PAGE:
We all know that Northern Ireland has been associated with some kind of social unrest; it is a place tormented by troubles and social issues, getting a reputation of a place that is unsafe. Of course, none of these is true, and doesn’t reflect the current reality in Northern Ireland, a place friendly and peaceful, fun and nice. However, none of us considers the true repercussions of this reputation and these troubles that made the country suffer for years. For the residents of Northern Ireland, there are still issued that are unresolved and aggravated by the mess of the previous decades. Northern Ireland insurance policy has been seriously affected by these troubles, and premiums are higher just because the region is still considered of “high risk”, even after so many years.

There were indeed times in Northern Ireland when everything was in disarray and there were numerous lawless actions and reactions. During those times there were much vandalism, much destruction, many thefts, and several criminal activities against cars, people, houses, businesses. Cars and motorbikes would burn all night in the streets of Belfast, while people would lose enormous amounts of money due to damages caused to their private or professional properties. It comes as no surprise that companies doing business in Northern Ireland would charge exorbitant prices for insurance policies, double or triple times higher than in other regions such as Wales or England.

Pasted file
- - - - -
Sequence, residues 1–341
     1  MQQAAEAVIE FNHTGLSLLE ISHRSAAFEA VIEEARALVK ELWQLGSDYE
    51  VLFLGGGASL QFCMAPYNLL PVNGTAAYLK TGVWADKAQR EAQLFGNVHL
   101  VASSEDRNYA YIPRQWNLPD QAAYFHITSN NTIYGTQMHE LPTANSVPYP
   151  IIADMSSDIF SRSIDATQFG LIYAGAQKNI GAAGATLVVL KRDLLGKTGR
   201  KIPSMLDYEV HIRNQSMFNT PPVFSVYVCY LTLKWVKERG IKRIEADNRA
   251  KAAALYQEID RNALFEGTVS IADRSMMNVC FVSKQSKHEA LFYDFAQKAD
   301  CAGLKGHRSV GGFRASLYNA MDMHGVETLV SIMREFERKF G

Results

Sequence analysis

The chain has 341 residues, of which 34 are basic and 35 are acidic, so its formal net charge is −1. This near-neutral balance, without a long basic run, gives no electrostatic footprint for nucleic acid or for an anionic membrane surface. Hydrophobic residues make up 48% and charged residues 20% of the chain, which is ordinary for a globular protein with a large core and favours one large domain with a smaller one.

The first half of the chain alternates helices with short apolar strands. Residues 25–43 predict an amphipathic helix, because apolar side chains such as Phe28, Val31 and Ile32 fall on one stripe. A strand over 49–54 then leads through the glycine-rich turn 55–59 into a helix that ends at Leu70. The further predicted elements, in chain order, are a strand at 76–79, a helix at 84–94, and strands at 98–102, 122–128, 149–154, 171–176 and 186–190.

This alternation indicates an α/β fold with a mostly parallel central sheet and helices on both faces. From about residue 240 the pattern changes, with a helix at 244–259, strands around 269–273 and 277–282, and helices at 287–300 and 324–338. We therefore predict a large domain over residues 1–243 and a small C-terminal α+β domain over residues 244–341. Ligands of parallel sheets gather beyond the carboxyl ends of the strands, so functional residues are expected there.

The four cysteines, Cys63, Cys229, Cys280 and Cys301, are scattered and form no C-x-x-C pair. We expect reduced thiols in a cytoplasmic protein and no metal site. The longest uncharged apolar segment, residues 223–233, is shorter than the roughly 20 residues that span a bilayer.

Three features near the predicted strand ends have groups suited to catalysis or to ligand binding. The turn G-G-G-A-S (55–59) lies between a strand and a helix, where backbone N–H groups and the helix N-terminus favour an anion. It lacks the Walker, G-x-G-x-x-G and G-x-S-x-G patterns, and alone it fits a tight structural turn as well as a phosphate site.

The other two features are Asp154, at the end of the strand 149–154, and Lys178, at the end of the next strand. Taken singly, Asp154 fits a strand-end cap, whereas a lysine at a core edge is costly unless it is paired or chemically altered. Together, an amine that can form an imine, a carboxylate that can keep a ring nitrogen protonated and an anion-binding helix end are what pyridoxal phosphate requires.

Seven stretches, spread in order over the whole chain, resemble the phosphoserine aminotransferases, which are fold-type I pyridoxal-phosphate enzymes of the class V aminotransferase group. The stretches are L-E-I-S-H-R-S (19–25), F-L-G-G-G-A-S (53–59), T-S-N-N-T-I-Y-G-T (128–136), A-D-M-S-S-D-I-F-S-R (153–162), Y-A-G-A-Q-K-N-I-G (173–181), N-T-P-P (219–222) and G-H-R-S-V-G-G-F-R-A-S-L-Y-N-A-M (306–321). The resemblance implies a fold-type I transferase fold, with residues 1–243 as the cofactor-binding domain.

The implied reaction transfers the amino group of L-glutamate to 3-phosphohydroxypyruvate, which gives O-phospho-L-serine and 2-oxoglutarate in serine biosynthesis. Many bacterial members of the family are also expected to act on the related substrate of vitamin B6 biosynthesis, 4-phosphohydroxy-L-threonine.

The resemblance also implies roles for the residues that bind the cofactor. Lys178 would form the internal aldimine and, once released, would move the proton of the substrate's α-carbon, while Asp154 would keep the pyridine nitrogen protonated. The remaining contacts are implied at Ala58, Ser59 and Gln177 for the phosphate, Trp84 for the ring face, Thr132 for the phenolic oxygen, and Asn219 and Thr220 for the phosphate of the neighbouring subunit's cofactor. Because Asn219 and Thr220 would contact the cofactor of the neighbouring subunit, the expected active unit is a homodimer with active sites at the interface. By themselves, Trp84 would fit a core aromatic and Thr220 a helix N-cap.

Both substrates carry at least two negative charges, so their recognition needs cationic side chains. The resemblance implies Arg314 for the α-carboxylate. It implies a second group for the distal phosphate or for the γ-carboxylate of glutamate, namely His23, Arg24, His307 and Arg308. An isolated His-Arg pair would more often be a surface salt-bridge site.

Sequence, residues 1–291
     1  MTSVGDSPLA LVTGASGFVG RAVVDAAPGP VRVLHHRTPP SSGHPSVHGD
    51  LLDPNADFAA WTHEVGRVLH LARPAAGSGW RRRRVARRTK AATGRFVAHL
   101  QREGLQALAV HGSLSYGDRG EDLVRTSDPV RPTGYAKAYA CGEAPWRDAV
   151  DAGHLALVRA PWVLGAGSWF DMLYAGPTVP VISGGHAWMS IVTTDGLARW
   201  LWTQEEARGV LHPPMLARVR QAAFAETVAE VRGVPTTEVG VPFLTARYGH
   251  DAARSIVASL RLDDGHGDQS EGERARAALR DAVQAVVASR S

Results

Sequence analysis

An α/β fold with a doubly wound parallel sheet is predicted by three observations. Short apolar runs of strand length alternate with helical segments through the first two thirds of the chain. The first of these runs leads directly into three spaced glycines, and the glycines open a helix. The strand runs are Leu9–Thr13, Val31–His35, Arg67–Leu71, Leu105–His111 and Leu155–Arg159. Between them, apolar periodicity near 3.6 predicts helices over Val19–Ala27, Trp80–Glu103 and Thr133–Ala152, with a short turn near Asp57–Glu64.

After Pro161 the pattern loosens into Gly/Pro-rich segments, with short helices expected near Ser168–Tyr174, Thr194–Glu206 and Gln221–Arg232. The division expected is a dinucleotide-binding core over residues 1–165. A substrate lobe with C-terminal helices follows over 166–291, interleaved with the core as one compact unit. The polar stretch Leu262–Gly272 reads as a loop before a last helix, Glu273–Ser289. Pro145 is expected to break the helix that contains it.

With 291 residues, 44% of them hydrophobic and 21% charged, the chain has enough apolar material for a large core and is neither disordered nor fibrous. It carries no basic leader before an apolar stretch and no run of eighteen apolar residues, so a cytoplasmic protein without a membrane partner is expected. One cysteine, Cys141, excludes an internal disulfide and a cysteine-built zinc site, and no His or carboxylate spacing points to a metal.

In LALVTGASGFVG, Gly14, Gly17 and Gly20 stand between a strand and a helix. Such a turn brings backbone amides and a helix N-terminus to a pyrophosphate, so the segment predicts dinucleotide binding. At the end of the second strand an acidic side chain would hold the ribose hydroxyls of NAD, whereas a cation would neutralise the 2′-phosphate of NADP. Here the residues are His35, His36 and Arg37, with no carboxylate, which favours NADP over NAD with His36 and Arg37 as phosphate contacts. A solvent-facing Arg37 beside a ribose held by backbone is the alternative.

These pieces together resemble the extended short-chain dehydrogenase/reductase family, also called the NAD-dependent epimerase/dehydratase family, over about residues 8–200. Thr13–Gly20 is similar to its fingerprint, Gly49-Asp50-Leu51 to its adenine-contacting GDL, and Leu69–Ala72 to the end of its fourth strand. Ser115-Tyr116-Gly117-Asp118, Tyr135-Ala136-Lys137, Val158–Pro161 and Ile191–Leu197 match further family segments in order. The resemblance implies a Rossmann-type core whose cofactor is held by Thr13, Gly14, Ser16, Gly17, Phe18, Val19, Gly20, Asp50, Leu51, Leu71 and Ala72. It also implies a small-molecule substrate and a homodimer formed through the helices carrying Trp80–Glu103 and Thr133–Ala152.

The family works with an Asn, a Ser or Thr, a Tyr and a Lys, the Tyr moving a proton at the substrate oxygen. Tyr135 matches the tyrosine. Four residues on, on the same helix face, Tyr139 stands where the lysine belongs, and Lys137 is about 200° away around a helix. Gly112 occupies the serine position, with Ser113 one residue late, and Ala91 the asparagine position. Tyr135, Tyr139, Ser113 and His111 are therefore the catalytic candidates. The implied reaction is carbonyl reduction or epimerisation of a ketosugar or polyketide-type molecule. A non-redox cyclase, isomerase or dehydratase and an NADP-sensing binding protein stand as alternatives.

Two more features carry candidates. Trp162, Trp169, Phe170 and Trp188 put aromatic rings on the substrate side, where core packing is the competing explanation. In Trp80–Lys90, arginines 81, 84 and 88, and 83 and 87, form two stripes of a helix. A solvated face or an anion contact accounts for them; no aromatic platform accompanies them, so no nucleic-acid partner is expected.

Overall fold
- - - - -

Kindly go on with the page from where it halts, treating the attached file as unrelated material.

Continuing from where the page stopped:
Of course times changed and Northern Ireland found its peace; however, these prices remained to remind everyone of a guilty past. Since mid nineties, there is some significant amount of time of peace and calmness in the region. Today, insurance companies still charge these huge prices, while in England the prices are very competitive and significantly lower. The guilty past of Northern Ireland doesn’t allow it to follow the rules of other countries, or regions within the UK. Even the best drivers in Northern Ireland are forced to pay extremely high prices, although if they were in England they would certainly qualify for a series of deductibles.

Are the standards still poorer in Northern Ireland? They are better than they used to be many years ago; but the premiums remain as high as they were and the economy is seriously affected by this. A few measures are necessary to ensure that drivers are indeed qualified and that the conditions of living are much better than they used to be. Northern Ireland insurance policies need to change and follow the same route as the country does.


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